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Okay, I've looked at your site but I still don't find it accessible. What now?

Firstly, it may well be because I've made some mistake somewhere. Contact Me, explaining your problem, and I'll investigate and do my best to resolve the problem for you. However, before contacting me, it might be worth double-checking that you're already making best use of the Assistive Technology (AT) available to you. Take a look at the list below and see if you're covered by any of the following points:

Using A Windows Platform

  1. Change screen resolution. Open up Control Panel and double click on the Display icon. Select the settings tab and drag the slider bar for Change Screen Area to reduce the screen area. This will result in text being displayed correspondingly larger (a screen area of 800 by 600 pixels will see text shown around 25% bigger than a screen area of 1024 by 768 pixels, and a screen area of 640 by 480 pixels will see text shown about 25% bigger again). Please note that your PC hardware may support a different range of screen resolutions.
  2. Microsoft Magnifier. If you are using Windows 98 or later editions, Microsoft Magnifier is likely to already be included in your software. To open this, click on the Start button, select Run and magnify and then hit Return. A sub-window will open at the top of your screen, which you can click and drag on the edge to change the proportion of the full screen that this opens up. By default, the magnification is set to 2 times the standard size, although you may vary this factor between 1 and 9. Depending upon the settings you choose, Microsoft Magnify can automatically follow the mouse cursor, the keyboard focus or any text editing that you are doing. Magnifier is intented to provide a minimum level of function for users with slight visual impairments, and Microsoft suggest that most users with disabilities will need utility programs with higher functionality for daily use.

Internet Explorer

  1. Altering text size. Select the View menu, then Text Size, and change the text size accordingly.
  2. Choosing your own colours. Select the Tools menu, then Internet Options, then Accessibility. You can choose to ignore colours specified on the style sheet, font sizes specified on the style sheet and/or font styles specified on the style sheet.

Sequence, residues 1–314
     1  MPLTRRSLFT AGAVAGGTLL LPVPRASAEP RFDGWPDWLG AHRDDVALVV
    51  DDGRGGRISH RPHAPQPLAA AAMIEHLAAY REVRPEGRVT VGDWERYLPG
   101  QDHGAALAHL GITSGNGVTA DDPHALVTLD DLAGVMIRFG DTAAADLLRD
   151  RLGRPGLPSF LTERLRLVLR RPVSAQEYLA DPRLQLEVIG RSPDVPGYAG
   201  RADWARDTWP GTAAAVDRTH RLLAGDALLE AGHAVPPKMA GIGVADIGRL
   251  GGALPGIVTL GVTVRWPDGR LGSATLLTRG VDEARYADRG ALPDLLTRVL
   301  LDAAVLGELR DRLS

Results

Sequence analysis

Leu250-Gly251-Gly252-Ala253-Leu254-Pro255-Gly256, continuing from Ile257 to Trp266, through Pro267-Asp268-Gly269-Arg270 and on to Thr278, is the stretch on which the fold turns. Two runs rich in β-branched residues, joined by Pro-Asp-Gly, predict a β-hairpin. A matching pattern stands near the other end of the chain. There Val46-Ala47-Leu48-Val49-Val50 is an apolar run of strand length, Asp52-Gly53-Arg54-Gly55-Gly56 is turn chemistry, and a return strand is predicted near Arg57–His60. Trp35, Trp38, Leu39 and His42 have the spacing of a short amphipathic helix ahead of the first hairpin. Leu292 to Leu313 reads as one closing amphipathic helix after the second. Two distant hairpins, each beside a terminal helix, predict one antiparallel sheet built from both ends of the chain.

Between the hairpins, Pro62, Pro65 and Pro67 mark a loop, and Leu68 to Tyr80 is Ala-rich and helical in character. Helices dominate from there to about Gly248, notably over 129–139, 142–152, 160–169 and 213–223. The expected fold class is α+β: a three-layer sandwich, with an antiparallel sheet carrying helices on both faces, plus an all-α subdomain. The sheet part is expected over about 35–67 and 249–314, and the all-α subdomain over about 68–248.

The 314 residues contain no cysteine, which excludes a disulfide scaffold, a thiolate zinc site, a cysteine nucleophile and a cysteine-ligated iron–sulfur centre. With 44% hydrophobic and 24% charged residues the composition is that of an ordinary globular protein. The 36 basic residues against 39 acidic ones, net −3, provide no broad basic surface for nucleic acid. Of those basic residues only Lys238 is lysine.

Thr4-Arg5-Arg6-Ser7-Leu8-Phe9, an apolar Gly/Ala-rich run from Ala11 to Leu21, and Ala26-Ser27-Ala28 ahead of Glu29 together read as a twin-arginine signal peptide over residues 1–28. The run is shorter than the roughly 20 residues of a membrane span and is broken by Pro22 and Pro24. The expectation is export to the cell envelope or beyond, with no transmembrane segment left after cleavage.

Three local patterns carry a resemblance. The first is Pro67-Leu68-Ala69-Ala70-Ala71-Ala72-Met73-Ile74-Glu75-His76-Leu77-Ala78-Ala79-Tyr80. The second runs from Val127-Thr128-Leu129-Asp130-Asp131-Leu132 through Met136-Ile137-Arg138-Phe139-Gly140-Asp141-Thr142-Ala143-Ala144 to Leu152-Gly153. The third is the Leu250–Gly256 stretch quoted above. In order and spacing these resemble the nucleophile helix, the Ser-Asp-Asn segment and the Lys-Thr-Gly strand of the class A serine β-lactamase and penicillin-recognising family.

3. Choose your own style sheet. Go to Tools, then Internet Options, then Accessibility. If there is a specific stylesheet you want to use, you can specify to use this stylesheet rather than the sheet defined for the site you are viewing. It is not good 'manners' to use someone else's stylesheet without permission. If you do wish to use someone else's stylesheet, you should request their permission, and if they grant it, take a copy of their stylesheet and store it locally on your PC (or your website) so that you are not using their bandwidth to view someone else's site!

Mozilla Firefox

  1. Altering text size. Select the View menu, then Text Size, and change the text size accordingly.
  2. Choosing your own colours. Select the Tools menu, then Options, and then select General. Click on the Fonts and Colors button to specify the default fonts and colours for web pages. Note that if fonts and colours are specified on a web page or stylesheet, they will over-ride your selections unless you have ticked the boxes to indicate that you always wish to use your colours and styles.

Netscape Navigator

  1. Altering text size. Select the View menu, then Text Zoom, and change the zoom percentage accordingly. Note that this only increases the size of text and not images.
  2. Altering default fonts. Select the Edit menu, then Preferences, double click on Appearance if the appearance tree is not already expanded, then select Fonts and set your default font preferences accordingly. Web pages will still be able to use other fonts in your browser unless you un-tick the 'Allow documents to use other fonts' box.
  3. Choosing your own colours. Select the Edit menu, then Preferences, double click on Appearance if the appearance tree is not already expanded, then select Colors and set your default colour preferences. Note that web pages will still appear in their own colours if they have specified them, unless you select the 'Use my chosen colors, ignoring the colors and background image specified' radio option.

Opera

  1. Altering zoom size. Select the View menu, then Zoom and change the zoom amount accordingly. Note that the difference between this and the text size options used elsewhere is that using Opera Zoom, the size of images are also scaled up accordingly.
  2. Set a minimum font size. Select the Tools Menu, then Preferences, and then Fonts. Here you are given an option to set a minimum font size in pixels, which will apply to every page. This will only adjust the font size where the font size was originally smaller than this, and will not affect images at all.
  3. Setting colours and styles. Select the Tools Menu, then Preferences, and then Page Style. Here you are given information on modes and styles. You can change the default zoom percentage, default background colour, link styles, whether or not you allow forms and scrollbars to be styled, and if you have created one, to set your own stylesheet (but please see the Internet Explorer section for guidance on using someone else's stylesheet). Opera runs in two modes: author mode and user mode. Each of these modes can be configured to use different rules (for example, author mode is normally configured to view the site as the site author intended it; user mode is normally configured to view in the most suitable way for yourself). set the default mode accordingly and ensure that it is configured to match your preferences.

Thanks to Gez Lemon of Juicy Studio, who inspired this article. Thanks also to Mauricio for the feedback, and for providing a Brazilian Portugese translation of this article.